OVERVIEW: The Dallas Women’s Foundation is committed to philanthropy for women and girls, especially those living at risk and in poverty Dallas, Collin, and Denton counties. DWF operates much like a community foundation. Economic security, women-led households, and education and medical care for women and girls at risk are at the heart of DWF grantmaking.
FUNDING AREAS: Women and girls, economic security, education, medical care, women-led households
IP TAKE: DWF operates on spring and fall grant cycles and is welcoming to new grantees. Although the Economic Security Initiative is open to applications by invitation only, interested nonprofits should look into the Mrs. Ruth Ray Hunt Memorial Fund and Community Grants including CREW Fund.
PROFILE: The Dallas Women’s Foundation is all about empowering women’s philanthropy and helping women and girls be strong, independent, and self-sufficient members of the community. It’s also the largest regional women’s fund in the world. A group of 19 women established DWF in 1985. Since its inception, DWF has contributed more than $32 million to solve problems and create opportunities for females in North Texas. Grantmaking comes out to about $4.4 million per year.
DWF operates much like a community foundation—raising funds from donors, making grants from those funds, and managing donor-advised funds. The foundation strongly believes in the “ripple effect,” a phenomenon where investing in women results in better lives for her family, community, and world.
Economic security is a significant program funding area at DWF. According to the foundation website, 52 percent of poor households in Dallas are headed by women and there are 161,000 female-headed households in poverty in North Texas. These grants are made by invitation only to candidates determined by DWF volunteers and staff.
Through DWF’s Leadership Initiative, it aims to increase the number of women in leadership positions through forums, publications, and research. DWF’s Advocacy Initiative has recently focused on human trafficking/domestic minor sex trafficking and small dollar, payday, and title loans. In recent years, the foundation has organized workshops about best practices and changing trends in philanthropy to teach potential donors how to identify giving priorities and give effectively.
According to Vice President of Grants and Research, Dena L. Jackson, Ph.D., “We want programs that address the unique issues of being female in this society and want to support organizations whose staff and leadership reflect that commitment.”
Some organizations that have gained DWF’s support in the past include SMART Girls in Collin County, Los Barrios Unidos Community Clinic for prenatal care for uninsured women, and Rae’s Hope for girls in the West Dallas and Fair Park neighborhoods. In a recent year, the foundation reported over $36 million in total assets. This is an increase from previous years.
“Our grantees use evidence of programming that makes a difference in women’s lives to develop and improve their outreach,” Jackson explained. “This evidence may be from research published by Dallas Women’s Foundation or other entities, from piloting successful programs from other communities or from ongoing evaluation of their own work.”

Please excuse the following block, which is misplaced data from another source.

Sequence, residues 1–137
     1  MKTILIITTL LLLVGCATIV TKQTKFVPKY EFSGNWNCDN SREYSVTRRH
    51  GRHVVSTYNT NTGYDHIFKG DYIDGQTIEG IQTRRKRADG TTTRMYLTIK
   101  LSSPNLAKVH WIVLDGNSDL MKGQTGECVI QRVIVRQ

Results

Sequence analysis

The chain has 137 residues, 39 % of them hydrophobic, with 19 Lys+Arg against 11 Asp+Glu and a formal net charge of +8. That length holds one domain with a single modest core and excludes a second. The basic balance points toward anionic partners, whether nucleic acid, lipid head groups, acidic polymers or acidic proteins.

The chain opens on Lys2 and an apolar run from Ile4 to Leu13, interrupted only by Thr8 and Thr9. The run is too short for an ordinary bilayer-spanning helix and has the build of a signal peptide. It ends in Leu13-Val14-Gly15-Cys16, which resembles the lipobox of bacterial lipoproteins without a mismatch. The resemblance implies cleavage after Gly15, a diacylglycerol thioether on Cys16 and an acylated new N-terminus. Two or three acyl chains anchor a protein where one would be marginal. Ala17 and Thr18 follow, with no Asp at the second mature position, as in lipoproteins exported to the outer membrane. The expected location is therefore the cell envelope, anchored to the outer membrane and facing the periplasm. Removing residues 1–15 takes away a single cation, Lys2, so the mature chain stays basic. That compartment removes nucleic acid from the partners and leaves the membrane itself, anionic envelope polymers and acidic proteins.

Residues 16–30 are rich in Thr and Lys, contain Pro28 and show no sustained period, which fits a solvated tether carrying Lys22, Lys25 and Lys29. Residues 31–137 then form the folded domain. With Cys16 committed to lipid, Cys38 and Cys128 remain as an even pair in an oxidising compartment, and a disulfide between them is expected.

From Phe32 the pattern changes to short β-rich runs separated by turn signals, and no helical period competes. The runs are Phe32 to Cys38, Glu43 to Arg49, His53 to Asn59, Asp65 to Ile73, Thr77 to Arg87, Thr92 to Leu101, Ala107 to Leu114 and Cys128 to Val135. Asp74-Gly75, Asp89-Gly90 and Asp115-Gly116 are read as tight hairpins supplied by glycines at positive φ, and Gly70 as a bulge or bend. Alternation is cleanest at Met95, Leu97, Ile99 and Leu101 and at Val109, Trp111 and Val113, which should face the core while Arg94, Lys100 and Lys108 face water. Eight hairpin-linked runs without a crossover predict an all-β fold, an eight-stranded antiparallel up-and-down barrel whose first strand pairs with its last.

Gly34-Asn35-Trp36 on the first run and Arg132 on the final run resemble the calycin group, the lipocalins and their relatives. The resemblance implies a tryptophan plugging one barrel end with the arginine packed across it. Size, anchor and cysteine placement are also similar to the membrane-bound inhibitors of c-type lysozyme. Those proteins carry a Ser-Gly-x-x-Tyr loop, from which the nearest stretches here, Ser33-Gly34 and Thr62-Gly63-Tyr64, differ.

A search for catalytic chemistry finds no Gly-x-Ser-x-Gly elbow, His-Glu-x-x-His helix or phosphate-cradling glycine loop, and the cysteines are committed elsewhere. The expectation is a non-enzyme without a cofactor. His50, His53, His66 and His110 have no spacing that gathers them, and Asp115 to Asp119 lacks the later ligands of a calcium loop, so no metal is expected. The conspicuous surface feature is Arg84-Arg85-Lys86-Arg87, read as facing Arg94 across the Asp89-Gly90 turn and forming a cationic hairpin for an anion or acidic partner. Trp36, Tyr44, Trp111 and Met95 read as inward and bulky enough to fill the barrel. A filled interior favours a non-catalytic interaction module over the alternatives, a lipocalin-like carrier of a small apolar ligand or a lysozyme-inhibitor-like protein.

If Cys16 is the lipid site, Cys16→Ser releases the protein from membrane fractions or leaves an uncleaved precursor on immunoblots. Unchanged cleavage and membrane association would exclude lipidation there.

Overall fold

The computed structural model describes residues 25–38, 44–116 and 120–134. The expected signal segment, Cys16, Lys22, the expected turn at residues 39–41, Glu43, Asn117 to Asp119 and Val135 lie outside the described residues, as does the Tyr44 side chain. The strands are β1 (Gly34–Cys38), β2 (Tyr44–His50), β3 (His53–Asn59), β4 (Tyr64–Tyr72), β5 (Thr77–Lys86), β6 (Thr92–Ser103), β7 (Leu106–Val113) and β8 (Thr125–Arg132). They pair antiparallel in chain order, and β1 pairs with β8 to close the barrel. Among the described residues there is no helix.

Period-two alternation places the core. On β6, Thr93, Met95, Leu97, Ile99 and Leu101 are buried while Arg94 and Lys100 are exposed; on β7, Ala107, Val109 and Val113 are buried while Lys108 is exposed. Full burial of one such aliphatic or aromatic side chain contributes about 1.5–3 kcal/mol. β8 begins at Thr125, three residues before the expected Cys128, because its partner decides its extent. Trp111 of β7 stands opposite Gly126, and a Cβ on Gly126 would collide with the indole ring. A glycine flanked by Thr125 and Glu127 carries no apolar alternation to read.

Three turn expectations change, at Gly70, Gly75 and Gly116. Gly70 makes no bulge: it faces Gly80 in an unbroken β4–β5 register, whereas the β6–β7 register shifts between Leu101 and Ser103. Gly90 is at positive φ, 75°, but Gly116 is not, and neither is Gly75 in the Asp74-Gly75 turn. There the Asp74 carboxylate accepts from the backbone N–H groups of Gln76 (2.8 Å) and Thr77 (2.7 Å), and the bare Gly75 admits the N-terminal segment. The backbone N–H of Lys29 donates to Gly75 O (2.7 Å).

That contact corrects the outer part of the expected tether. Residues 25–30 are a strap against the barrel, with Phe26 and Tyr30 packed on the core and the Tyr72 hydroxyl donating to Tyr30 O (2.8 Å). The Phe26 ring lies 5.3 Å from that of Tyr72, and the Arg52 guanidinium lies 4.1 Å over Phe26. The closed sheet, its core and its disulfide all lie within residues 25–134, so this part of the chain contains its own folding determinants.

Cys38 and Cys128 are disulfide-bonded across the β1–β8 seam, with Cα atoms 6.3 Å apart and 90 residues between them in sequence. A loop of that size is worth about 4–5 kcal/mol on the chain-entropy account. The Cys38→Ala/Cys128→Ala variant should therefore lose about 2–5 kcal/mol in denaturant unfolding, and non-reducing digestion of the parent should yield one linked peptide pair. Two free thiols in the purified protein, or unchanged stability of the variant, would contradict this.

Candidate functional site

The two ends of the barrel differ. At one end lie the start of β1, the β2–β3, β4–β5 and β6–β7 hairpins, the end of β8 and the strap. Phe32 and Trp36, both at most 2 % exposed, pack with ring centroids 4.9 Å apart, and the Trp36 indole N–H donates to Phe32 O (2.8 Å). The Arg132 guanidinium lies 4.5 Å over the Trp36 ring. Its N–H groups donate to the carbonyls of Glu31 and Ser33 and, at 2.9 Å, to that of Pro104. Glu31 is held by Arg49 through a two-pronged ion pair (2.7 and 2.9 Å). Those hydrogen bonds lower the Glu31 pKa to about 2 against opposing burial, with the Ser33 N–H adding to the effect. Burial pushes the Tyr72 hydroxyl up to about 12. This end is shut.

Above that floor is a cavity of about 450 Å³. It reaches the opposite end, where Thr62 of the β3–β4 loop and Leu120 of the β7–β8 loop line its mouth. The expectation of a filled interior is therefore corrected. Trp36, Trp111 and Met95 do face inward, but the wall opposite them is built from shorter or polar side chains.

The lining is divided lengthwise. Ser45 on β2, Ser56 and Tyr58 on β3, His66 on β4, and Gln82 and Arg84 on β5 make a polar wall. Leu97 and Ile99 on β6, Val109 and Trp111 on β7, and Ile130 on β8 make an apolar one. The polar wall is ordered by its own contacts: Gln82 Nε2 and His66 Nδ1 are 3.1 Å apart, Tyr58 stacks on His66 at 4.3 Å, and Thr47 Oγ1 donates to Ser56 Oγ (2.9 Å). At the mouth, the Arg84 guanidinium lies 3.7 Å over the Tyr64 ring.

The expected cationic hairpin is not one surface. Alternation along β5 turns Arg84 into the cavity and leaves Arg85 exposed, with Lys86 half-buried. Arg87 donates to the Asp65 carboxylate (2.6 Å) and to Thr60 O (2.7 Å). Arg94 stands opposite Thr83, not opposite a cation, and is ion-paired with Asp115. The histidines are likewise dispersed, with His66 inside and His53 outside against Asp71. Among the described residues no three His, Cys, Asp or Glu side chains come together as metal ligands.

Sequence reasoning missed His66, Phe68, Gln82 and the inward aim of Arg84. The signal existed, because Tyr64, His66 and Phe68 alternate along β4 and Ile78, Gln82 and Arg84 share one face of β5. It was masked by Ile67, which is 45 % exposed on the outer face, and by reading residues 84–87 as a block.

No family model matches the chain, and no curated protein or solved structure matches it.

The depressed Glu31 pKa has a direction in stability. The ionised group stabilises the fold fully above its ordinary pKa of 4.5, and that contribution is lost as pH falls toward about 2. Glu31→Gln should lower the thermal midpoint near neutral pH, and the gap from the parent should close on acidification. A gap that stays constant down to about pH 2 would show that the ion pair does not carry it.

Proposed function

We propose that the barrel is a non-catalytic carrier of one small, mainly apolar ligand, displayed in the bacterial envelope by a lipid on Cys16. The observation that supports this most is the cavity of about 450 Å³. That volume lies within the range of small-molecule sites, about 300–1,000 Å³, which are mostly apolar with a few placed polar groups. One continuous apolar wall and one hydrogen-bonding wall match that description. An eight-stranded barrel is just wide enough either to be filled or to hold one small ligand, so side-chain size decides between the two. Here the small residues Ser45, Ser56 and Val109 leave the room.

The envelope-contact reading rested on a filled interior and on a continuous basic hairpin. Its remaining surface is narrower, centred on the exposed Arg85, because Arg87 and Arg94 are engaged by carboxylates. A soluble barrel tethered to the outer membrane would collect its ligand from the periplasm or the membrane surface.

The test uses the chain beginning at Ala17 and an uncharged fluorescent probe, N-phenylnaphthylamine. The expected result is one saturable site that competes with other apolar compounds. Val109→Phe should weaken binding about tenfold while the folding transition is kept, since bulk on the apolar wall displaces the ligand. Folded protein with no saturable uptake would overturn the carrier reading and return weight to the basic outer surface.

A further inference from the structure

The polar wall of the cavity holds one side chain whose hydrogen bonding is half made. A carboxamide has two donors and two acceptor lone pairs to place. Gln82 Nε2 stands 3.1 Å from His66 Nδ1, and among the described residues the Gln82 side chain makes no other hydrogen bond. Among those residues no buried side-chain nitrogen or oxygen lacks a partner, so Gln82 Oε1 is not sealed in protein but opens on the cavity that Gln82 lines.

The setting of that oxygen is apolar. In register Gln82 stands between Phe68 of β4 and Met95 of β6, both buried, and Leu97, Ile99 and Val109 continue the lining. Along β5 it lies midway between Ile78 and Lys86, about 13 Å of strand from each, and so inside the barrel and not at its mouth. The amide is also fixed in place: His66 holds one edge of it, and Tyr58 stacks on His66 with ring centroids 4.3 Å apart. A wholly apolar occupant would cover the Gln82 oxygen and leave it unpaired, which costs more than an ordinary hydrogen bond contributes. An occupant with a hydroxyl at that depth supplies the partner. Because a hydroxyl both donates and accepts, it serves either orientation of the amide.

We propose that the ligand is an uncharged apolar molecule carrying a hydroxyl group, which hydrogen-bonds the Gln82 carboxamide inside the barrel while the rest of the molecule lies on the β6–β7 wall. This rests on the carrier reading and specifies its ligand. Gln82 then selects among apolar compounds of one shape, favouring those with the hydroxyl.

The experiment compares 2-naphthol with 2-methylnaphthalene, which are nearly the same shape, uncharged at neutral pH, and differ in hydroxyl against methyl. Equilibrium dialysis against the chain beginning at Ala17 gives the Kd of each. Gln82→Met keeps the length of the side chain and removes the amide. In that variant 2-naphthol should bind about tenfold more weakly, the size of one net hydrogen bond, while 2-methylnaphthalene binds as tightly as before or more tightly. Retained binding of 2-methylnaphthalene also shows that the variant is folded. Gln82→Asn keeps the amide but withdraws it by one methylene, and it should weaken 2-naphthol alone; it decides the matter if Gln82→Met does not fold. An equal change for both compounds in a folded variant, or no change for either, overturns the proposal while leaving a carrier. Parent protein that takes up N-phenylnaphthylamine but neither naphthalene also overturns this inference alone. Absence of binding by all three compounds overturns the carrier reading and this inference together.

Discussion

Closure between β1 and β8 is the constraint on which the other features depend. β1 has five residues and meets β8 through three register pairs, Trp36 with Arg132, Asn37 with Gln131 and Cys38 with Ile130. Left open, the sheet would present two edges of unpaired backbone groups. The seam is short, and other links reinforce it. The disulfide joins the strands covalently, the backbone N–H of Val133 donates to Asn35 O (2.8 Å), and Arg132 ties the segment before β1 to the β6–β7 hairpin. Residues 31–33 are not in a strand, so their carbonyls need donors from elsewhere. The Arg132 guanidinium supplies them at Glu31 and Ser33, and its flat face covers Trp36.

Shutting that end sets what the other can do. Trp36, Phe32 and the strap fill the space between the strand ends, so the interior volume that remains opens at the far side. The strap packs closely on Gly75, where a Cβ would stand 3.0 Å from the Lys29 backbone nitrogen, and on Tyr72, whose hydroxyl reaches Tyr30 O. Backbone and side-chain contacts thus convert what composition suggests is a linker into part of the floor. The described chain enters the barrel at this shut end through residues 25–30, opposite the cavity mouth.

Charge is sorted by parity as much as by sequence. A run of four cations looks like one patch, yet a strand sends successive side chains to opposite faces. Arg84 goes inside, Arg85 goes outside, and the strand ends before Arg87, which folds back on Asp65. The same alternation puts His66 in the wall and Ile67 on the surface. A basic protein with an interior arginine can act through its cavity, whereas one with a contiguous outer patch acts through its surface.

Texas Women’s Foundation is the research and advocacy arm of DWF. As the name suggests, this entity has a broader geographic focus on women throughout the state of Texas. TWF produces research studies and reports, including the recent Economic Issues for Women in Texas report, which compared and contrasted nine Texas metropolitan areas.
The state of Texas has a long way to go to empower women in the way DWF envisions. In recent years, Texas has ranked 31st in women with at least a Bachelor’s Degree and number one for the rate of uninsured women.
Nonprofits can use DWF’s online application system to apply for a grant. For the spring funding cycle, the foundation accepts applications for the Mrs. H. L. (Ruth Ray) Hunt Memorial Fund. In addition to serving women and girls, eligible programs must also be faith-based or have a current or historical tie to a faith or religious entity. Dallas, Collin, and Denton counties are the geographical areas of emphasis. Grant requests are considered for programs that support education and medical care for girls and women at risk, as well as family units that are supported by women.
When asked about the theory of change behind DWF grantmaking, Jackson replied, “Dallas Women’s Foundation uses a social change model developed by Women’s Funding Network that supports the belief that social change is constant and occurs across all levels of society. That means we support direct service programs that seek to change behavior and knowledge while also supporting policy change, seeking to increase engagement from new constituents and make sure that gains of the past are not lost.”
The foundation is always open to new grantees and posts requests for proposals twice a year in November and June. General inquiries can be directed to the foundation staff at 214-965-9977 or emailed to the most relevant staff member. You can follow the Dallas Women’s Foundation on Facebook and Twitter for updates on current and upcoming grant cycles.
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